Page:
“I would like to see at a minimum a firewall established so [that] you can’t use the data from these doctors through the loans process to go out and buy up more doctors because that’s the last thing we need in America,” Wyden said. “Will you support that?”

Witty answered that he thought it was a good idea.

Everything is not broadly back to normal

Multiple senators challenged the notion that everything is broadly back to normal as Witty described. Senator Catherine Cortez Masto (D-Nevada) cited the experience of Nevada Health Centers, a FQHC (federally qualified health center) in her state. That center relies on Change Healthcare for real time patient eligibility verification, Cortez Masto said.

“I am hearing despite portals being back online that critical provider and patient information is often missing or mismatched with nearly 50 percent of payer information being inaccurate,” she said asking when these problems will be fixed.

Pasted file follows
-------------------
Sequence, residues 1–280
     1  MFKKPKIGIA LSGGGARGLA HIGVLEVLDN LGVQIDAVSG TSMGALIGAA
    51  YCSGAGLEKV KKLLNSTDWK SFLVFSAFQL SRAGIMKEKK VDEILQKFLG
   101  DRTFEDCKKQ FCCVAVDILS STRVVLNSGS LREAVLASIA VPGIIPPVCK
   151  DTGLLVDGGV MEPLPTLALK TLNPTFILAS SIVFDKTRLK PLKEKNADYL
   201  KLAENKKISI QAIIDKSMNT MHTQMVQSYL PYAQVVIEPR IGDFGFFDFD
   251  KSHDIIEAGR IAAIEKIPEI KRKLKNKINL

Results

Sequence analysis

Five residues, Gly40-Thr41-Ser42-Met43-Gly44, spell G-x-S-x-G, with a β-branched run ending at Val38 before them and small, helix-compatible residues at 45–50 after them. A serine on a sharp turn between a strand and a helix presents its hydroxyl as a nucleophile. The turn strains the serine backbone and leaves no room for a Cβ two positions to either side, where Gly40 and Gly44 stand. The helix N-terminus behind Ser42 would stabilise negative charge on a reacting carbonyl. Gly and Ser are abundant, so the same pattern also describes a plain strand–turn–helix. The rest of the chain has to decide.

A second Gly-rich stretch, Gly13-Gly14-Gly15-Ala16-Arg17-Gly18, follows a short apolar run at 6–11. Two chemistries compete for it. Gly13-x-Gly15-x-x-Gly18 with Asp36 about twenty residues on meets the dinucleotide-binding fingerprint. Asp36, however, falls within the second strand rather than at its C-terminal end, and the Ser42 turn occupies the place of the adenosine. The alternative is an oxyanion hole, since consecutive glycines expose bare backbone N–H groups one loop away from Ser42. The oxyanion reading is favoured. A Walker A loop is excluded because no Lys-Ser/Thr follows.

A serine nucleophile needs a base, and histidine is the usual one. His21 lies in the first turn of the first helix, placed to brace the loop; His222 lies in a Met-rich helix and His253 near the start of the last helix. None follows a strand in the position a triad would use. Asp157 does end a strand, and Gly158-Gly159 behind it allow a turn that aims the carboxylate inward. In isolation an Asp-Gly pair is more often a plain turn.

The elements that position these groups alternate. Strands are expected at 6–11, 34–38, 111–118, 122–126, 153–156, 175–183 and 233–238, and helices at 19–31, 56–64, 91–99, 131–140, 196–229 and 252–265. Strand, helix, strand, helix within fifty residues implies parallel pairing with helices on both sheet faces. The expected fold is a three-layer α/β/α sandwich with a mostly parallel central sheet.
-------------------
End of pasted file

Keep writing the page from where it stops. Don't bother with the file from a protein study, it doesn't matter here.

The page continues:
Witty said he didn’t have the information but would get back to her within the day with updated information.

The hearing was about more than just the recent cyberattack

While most of the senators’ opening comments and questions directed at Witty were about the Change Healthcare cyberattack, some senators took the time to lament the state of healthcare overall and lay some blame at the feet of UnitedHealthcare. Senator James Lankford (R-Oklahoma) talked about inaccurate provider directories burdening patients and how hospitals are no longer accepted Medicare Advantage patients because plans were paying lower than Medicare rates and there were often denials of care.

Senator Sherrod Brown (D-Ohio) explained how local, independent pharmacies were closing in Ohio because of bad PBM practices and declared that reigning in these “corporate middle men” is a priority.

Photo: Screenshot of video recording of May 1 Hearing